The frenzied speculation surrounding Chrysler’s future has not let up. In an e-mail to employees last Wednesday, Chrysler Group CEO Tom LaSorda said he was “writing to respond to the ‘frenzy of rumors’ that has enveloped the automaker since [the previous] week, when executives said all options — including a sale — were open,” Reuters reported.
“Journalists and analysts have been busy conjecturing over what will happen,” LaSorda wrote in his letter. “To a certain extent, that is the nature of their business and we need to keep it in perspective.”
LaSorda, Reuters noted, “told employees of the struggling automaker that it might take months before questions about a possible sale of the unit of DaimlerChrysler AG could be answered.”
Months before DaimlerChrysler can safely and legally respond to the haphazard reports of Chrysler’s possible sale/equity swap/”flotation”?! Journalistically speaking, that sounds like a recipe for disaster.
And, naturally, today Reuters moved to fill that months-long void, jumping a few steps ahead of itself to conjecture about the possibilities of DaimlerChrysler being taken over by lurking outsiders once it has gotten rid of Chrysler.
“Shorn of Chrysler, the rump DaimlerChrysler AG group could be more of a takeover target for hedge funds and private equity groups awash with cash, analysts say,” Reuters said, turning to analyst Sabine Bluemel, who herself “said a post-Chrysler approach from private equity investors was a realistic scenario.” With “scenario” the operative word, Bluemel told the news agency, “Of course, it is manageable, but it really depends on what kind of creature the spinoff of Chrysler will be and the crux is the legacy costs.”
Next Reuters quoted an unnamed “investment banker who follows the sector closely [who] said the likelihood of an unsolicited approach was still low but had gone up to 20 percent from 10 percent” — an invisible figure, but one that neatly supported Reuters’ headline, “Daimler without Chrysler faces more takeover risk.” The banker carefully noted that “a business hiccup could open the door to an unsolicited approach”: “If it skips a beat, if the truck market has a bad impact — particularly with the U.S. and Freightliner (trucks) — then potentially it is a more manageable thing for someone to come after them and split off cars and trucks.”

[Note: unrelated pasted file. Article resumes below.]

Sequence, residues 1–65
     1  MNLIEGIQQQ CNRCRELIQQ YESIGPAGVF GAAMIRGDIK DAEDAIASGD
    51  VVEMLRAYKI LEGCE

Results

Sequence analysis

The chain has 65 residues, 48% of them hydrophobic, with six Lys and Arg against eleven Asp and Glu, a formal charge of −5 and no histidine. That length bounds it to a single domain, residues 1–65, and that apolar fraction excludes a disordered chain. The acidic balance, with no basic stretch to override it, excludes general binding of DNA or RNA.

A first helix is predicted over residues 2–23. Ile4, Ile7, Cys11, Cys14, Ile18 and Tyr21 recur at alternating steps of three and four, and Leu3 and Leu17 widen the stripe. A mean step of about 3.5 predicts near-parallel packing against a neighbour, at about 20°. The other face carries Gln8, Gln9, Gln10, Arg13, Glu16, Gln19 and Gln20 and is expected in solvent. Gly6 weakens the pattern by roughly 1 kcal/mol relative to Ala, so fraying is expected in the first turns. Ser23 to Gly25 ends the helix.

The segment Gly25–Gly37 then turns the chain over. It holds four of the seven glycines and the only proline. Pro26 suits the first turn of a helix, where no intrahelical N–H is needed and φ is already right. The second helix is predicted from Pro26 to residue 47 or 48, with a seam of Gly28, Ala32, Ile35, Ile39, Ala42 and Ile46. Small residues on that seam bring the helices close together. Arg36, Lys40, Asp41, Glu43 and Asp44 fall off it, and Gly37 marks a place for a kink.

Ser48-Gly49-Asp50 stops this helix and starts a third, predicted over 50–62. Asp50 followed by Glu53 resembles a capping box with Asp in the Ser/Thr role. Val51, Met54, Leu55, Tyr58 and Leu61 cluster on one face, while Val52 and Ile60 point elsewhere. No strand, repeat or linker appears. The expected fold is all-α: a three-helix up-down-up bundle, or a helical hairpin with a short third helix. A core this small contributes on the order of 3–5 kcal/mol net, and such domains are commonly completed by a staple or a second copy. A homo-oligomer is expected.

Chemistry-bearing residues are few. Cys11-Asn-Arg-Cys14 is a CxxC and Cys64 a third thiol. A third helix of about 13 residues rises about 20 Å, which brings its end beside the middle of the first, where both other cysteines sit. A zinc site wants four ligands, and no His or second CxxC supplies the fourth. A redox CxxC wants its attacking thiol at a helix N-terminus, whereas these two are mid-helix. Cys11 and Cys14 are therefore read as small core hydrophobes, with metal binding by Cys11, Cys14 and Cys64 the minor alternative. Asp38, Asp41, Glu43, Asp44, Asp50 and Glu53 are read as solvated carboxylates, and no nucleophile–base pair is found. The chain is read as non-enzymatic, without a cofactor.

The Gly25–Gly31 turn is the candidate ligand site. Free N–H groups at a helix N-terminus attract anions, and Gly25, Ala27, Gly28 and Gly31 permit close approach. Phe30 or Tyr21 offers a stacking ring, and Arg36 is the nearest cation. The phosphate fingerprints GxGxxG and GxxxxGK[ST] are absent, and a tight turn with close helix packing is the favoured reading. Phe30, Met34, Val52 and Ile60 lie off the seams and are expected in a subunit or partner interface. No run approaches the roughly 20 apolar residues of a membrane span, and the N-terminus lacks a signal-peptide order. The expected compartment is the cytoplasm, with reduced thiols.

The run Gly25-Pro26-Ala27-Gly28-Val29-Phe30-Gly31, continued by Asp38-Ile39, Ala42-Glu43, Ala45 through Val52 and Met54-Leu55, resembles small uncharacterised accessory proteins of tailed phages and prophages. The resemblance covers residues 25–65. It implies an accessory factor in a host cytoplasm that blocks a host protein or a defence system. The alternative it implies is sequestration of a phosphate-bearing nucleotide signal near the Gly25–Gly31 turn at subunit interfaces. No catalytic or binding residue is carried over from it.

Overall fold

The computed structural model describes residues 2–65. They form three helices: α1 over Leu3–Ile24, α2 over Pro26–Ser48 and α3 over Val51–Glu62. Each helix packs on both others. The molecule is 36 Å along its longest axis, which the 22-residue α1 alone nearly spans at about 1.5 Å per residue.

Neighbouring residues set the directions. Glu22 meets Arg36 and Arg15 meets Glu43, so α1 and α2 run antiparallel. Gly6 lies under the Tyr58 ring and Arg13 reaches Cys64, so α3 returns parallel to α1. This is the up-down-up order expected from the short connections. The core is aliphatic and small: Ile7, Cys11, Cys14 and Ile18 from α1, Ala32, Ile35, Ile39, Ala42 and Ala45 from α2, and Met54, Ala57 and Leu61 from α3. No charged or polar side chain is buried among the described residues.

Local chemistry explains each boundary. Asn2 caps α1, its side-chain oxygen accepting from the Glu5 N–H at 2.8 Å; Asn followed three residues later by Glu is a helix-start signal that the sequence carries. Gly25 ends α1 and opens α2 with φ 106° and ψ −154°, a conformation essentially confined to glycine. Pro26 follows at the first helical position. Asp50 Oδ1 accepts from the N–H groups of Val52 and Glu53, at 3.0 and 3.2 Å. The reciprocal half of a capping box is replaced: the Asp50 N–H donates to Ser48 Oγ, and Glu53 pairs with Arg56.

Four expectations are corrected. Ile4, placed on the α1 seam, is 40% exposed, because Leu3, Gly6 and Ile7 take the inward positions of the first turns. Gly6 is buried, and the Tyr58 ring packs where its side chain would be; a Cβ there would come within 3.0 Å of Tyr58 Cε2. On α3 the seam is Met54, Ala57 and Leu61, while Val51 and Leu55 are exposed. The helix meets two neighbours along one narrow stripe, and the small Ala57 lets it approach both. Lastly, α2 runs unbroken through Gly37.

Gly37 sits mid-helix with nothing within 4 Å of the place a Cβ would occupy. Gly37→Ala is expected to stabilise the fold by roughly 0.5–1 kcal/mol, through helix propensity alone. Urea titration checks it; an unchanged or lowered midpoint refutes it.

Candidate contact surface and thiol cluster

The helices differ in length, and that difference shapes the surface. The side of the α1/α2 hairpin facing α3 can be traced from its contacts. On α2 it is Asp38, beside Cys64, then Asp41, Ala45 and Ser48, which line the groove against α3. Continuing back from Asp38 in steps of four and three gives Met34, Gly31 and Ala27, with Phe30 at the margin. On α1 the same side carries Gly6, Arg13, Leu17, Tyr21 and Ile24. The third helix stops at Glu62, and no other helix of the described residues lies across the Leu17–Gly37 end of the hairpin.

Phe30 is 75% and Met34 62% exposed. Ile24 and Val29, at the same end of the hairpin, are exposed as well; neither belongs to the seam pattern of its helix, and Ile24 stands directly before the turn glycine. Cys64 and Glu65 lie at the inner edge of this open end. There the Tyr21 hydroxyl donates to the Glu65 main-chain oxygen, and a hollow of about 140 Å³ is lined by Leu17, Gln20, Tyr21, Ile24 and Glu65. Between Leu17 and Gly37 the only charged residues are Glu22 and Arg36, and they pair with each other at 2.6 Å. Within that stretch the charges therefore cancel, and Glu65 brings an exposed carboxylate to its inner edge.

Thereafter Reuters reported, relying on a “person familiar with the situation,” that CFO “Bodo Uebber had routinely played down suggestions that hedge funds could team up to buy DaimlerChrysler because he felt such a wolfpack would be unable to agree on strategy and goals.”
“But should it come to pass that Chrysler is split off from Daimler, then Daimler would be an interesting target,” this source said, noting that a complete split-up of Daimler’s vehicle businesses would, in that case, be “a real danger.”
The story ended with “Officials at a private equity conference in Frankfurt [who] played down — but would not dismiss — prospects for an approach while Daimler figures out what to do with its ailing U.S. arm.” In other words, these two officials did not think Reuters’ idea was viable, but they did not rule it out, either. That’s not much payoff for all the anonymous sources Reuters used to find support for its conjecture.
That leads to a larger point: instead of chasing a story from Never-Never Land, the Reuters reporters in question could have worked to advance the story that the Financial Times advanced on its front page today — that “DaimlerChrysler is considering taking a minority stake in General Motors as payment for Chrysler if a deal between the two carmakers goes ahead.”
The Times hastened to add that “Other possibilities include a cash sale of Chrysler to private equity or industry investors and a flotation of the lossmaking unit” — so there are still a lot of possibilities — but overall the FT was able to drive its story forward better than Reuters did, as it “confirmed that a due diligence process is under way, led at GM by Fritz Henderson, chief financial officer.” (While Reuters itself reported earlier this month that GM and Chrysler had engaged in preliminary talks, this time around it merely quoted the FT’s report.)
As LaSorda indicated in his letter, analysts provide financial journalists with a steady stream of story material. But a crucial difference between the two he did not mention is that while analysts can conjecture all they please about Chrysler’s future, journalists should cut through the flotsam that is out there. Instead, too often, business reporters expand it.